10 Ways YOU identify as an Outgoing Introvert! [Simple Guide]

Support us by sharing on:

Introversion and extroversion are a spectrum of personality traits that ultimately define a person’s character and behaviors.

Some people possess traits that make them predominantly introverts, like being overwhelmed in an overstimulating environment no matter what social context they’re in. Others possess traits that land them right on the extrovert side of the spectrum. Then there’s you, confused and frustrated because you can’t figure out which one of these two extremities you belong to.

If you feel like you’re not totally introverted and you’re also not that extroverted, then you’re probably an outgoing introvert.

Outgoing Introvert Meaning?

First of all-and before we dive into an outgoing introvert’s meaning. You need to know that people’s psychological behaviors are not fixed. Therefore, we can’t label people as either pure introverts or extroverts.

Most people, in fact, fall in between the introversion-extroversion spectrum. The ones who exhibit both introverted and extroverted traits are considered outgoing introverts.

An outgoing introvert is someone whose behavior changes according to the situation they’re in. They’re adaptive to different social settings and have a more psychologically and emotionally stable personality compared to others who have personalities dominated by either introverted or extroverted traits.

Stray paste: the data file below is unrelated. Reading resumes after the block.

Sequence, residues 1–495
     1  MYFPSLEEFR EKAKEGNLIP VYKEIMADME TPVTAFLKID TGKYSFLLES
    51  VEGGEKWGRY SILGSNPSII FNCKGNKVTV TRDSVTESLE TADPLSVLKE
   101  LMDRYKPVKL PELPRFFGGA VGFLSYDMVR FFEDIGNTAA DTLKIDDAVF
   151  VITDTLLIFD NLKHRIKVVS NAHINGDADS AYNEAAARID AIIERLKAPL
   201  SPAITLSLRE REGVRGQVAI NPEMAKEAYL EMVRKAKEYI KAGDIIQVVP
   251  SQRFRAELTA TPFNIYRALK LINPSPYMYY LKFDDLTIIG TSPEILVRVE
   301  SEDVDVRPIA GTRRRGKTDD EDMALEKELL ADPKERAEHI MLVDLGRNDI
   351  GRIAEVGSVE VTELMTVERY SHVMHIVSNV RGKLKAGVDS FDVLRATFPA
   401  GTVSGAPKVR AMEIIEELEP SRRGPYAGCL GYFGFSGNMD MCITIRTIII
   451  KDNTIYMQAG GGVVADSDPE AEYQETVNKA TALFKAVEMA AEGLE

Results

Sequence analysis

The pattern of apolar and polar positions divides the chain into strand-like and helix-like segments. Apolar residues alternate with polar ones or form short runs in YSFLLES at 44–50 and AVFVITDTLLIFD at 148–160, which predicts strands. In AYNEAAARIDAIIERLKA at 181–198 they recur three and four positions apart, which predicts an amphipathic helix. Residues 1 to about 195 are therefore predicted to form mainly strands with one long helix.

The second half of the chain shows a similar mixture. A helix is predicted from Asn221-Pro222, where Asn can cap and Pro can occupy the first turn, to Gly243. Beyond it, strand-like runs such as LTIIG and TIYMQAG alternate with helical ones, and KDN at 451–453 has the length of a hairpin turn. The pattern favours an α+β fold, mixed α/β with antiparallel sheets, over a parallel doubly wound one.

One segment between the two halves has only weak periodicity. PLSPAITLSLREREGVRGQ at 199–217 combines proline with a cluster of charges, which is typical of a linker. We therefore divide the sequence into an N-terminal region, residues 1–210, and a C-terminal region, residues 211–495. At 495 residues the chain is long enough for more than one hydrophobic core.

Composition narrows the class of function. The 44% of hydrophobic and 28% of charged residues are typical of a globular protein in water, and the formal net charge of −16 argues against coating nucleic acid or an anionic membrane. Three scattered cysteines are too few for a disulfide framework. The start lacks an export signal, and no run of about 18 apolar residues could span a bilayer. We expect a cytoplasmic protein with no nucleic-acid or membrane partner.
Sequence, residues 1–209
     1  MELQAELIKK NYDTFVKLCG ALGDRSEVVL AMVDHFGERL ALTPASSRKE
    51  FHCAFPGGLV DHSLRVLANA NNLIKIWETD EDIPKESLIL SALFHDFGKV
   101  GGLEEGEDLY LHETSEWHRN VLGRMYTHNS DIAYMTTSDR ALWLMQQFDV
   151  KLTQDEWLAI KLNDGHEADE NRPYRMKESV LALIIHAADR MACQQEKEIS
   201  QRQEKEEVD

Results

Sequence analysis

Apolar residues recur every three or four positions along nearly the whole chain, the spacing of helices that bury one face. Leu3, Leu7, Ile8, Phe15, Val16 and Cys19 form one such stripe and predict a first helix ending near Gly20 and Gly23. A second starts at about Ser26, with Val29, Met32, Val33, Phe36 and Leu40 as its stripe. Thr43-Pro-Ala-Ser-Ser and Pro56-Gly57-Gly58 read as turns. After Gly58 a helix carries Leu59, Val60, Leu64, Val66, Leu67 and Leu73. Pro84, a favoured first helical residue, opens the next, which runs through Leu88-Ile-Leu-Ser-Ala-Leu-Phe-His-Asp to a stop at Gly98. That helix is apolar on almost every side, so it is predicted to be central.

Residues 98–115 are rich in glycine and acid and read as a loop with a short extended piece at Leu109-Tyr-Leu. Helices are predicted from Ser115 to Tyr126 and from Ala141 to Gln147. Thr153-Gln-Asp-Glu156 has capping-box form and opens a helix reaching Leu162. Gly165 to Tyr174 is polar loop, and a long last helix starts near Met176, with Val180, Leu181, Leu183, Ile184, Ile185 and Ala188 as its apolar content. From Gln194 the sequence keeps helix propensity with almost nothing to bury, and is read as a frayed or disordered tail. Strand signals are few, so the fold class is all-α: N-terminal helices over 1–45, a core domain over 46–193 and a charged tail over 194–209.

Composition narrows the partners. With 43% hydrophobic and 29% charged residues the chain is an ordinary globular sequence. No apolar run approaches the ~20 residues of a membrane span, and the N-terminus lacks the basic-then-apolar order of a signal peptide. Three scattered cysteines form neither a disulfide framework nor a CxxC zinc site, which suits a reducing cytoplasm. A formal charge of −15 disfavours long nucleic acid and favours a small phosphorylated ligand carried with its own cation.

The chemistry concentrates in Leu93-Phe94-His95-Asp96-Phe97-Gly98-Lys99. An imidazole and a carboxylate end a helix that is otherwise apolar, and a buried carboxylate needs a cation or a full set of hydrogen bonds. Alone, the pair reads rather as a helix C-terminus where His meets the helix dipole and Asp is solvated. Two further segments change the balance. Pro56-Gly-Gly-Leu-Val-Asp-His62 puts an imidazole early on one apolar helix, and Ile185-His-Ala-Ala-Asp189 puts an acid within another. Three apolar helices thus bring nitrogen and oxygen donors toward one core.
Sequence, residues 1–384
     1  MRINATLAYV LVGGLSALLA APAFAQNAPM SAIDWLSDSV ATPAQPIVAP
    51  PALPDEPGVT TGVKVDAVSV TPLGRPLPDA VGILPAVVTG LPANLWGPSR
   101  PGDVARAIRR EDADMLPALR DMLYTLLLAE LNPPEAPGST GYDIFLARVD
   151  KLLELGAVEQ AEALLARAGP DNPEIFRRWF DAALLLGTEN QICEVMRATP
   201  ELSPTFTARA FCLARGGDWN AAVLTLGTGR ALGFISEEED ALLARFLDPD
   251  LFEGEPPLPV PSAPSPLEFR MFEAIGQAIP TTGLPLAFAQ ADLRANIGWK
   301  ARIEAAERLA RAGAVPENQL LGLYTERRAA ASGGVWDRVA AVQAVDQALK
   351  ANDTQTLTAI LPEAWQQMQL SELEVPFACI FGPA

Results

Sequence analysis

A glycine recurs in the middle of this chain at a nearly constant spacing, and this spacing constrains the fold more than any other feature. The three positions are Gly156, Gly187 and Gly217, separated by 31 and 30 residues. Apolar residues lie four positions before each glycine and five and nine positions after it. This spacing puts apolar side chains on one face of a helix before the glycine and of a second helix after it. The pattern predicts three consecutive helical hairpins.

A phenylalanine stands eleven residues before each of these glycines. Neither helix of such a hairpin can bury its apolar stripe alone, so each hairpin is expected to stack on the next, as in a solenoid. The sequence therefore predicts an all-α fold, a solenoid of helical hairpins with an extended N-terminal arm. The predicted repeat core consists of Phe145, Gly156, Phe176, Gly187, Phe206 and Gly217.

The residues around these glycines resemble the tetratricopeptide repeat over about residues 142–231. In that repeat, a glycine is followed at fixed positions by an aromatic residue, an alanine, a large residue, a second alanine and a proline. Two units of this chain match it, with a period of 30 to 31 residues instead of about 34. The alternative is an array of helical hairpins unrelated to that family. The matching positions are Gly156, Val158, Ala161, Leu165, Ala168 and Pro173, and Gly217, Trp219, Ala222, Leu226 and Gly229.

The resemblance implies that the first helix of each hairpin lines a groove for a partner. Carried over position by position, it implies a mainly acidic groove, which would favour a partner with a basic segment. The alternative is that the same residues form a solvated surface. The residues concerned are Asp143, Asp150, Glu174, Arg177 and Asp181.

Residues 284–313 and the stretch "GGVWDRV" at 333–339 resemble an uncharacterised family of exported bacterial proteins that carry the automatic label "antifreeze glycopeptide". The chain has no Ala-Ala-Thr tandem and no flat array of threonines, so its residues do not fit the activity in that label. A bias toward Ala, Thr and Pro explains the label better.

Outgoing introverts can gain their energy from both having alone-time and interacting with people and what gives them more privilege is that they’re both inwardly and outwardly focused. In other words: they are able to process out loud as well as internally. This is most advantageous professionally because an outgoing introvert can thrive in careers that require both working in groups and alone in the workplace.

Outgoing Introvert vs Ambivert

The term ambivert is just another synonym for outgoing introvert. You know, people who can use both their hands with equal dexterity are called “Ambidextrous”.

A similar term applies to people who can exhibit both introverted and extroverted traits together. They are called “Ambiverts” and psychologist Hans Eysenck was the one who coined this term in 1947.

Unlike the term omnivert, which means a person who exhibits both introverted and extroverted traits but not at the same time. for omniverts, there’s no in-between.

So there is actually a difference between ambiverts (outgoing introverts) and omniverts.


10 Signs You’re an Outgoing Introvert

Not sure how to go about confirming you’re an outgoing introvert? You can start by making sure you already possess most of these personality traits and signs that are common among outgoing introverts.


  • You’re overwhelmed in Formal places but thrive in familiar ones.

Think about when you attend social gatherings that are more or less formal and full of complete strangers, say for example networking events or charity dinners in those fancy hotels. You feel out of place and awkward. While you enjoy going to a friend’s house party or a family wedding.